(19.u. (19.u}W[Me. (19. M^4)] + W[MJ>3).4] = . p.3] = [1.76) .M^] W[Mev.Me^} (19. = IT <*„..MiA\z)} = 2(i)(2/Trw)(dw/dz) = (4i/Tr)(2hsinhz/2hcoshz) ~ 4i/>.(0.73) We now use Eq. Me.77) av I 2ism VK \ ctv av ^Thus. 7T (19.j] given in Meixner and Schafke [193] (p.46)) W[Mev..57) and (19. .74) Moreover. (19.g.M^} W[Me„. W[MJ?\ M^] W[Mev.^ 47 9? MJ>4)] MeV] [3. the leading terms of the respective cylindrical functions. and the second is obtained similarly: W[M?\Mev\ W[Mev.e. 170/171). B = J 2 L _ e .Mev]' P l ' From Eqs. Meixner and Schafke [193].. W[M^\Mlf)]W[Meu. TV W[Mev. we obtain the first of the following two equations.^ ^ a „ Q _ . 7T W[Mev.M^] J™aV.e.Mev] = = = av. (19. (19.58) and considering large values of \z\.46). and Wronskians W[M^\MIJ)] = [i.48) (or cf.Mevy W[M?\Mev] W[Mev. i. Singular Potentials the second resulting equation from the first resulting equation.A] = W[Mi3\z).47) we obtain (av defined by Eq. we use the following circuit relation which can be derived like Eq. h)/M^\o. i. . (19.71) we obtain in a similar way A B = = W\MP\ Me. av{h) = Me.75) With these relations and Eq. 169) M0) = e«^Ma) _ isin U1X M(A) _ (19.\ \ ( av 2iwKav ^ v .M^]= IT e~iv*av. h). we obtain immediately W[Z. (19. or obtainable by substituting e. 7T [1.] W[Mev.452 CHAPTER 19. using Eqs. With these expressions the quantities A and B are found to be A= f au ^ 2isin VK \ a_u 1 a.4] = .* « * r r z H .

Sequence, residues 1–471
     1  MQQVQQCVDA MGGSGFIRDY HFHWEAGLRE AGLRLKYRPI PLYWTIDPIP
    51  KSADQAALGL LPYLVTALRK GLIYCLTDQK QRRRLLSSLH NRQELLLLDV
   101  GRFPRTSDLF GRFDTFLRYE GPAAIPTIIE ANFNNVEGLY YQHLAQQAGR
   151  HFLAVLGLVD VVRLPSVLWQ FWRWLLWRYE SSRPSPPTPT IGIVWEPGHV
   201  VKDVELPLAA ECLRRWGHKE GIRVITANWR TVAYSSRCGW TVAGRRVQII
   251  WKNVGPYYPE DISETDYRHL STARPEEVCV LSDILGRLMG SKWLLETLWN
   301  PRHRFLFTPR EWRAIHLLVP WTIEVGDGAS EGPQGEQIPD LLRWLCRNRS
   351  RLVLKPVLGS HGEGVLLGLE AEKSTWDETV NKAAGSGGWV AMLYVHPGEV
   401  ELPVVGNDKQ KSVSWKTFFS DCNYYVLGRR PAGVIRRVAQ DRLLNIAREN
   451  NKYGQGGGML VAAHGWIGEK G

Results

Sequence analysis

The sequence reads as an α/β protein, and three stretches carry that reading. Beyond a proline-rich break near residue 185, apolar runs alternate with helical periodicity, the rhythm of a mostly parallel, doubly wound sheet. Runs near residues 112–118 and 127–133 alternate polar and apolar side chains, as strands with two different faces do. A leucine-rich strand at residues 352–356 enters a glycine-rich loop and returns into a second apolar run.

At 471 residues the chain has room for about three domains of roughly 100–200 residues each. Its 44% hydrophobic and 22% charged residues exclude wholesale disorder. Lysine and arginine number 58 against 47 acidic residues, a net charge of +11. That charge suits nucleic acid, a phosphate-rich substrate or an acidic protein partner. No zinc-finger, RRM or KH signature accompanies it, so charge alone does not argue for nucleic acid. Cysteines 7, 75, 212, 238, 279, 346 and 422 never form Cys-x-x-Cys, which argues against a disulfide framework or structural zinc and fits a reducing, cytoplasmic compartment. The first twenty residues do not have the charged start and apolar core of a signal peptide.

85a) .79) where the second expression follows from Eq./ ( . (19.h)] ( m / 9 \ 1/2 {L\ {Aeikrei(V+l/2)*/2+Beikrei{v+l/2)*/2^ g) We set fl = ^ = MM). (19. (19. (19.83) The Smatrix element is therefore given by ifc*"* .(l)le^}Pi(cos 9).h) = Me_u(z. Then f' .80) 2^fc (1981) where \7r/ i t sin VK /(*. eii/7r/2 (19.19. f c r . Z ) e ^ ] .f c .h) + BM^\z.(ite™)" 1 { 8 J ' f(k.g. (19. in Chapter 16).46) together with the relation Mev(z.2 The Potential 1/r4 — Case of Small h? The regular solution in this way continued to r ~ oo is then y reg ~ ~ 453 Tl'2[AMiz\z. 2zitsm z/7T zzitsin I/TT Inserting these expressions into Eq./) = (l)1/2R2^2i^)ei^)U^. The superposition of an incoming plane wave and an outgoing radial wave is written and reexpressed in terms of partial waves for r — oo » with z = rcos 6 as: 1 tCT" "1 OO e *« + /(*)!_ ~ 5 > ' c < f c P .h). as we recall from earlier considerations (e.78) we obtain Ay reg « _ .l) ' We note already here that with the substitution R = ei7r7._ [ / ( f c . (19.82) The S'matrix is defined in the following way in the partial wave expansion of the scattering amplitude /(#). B=tfD'"". Z ) e .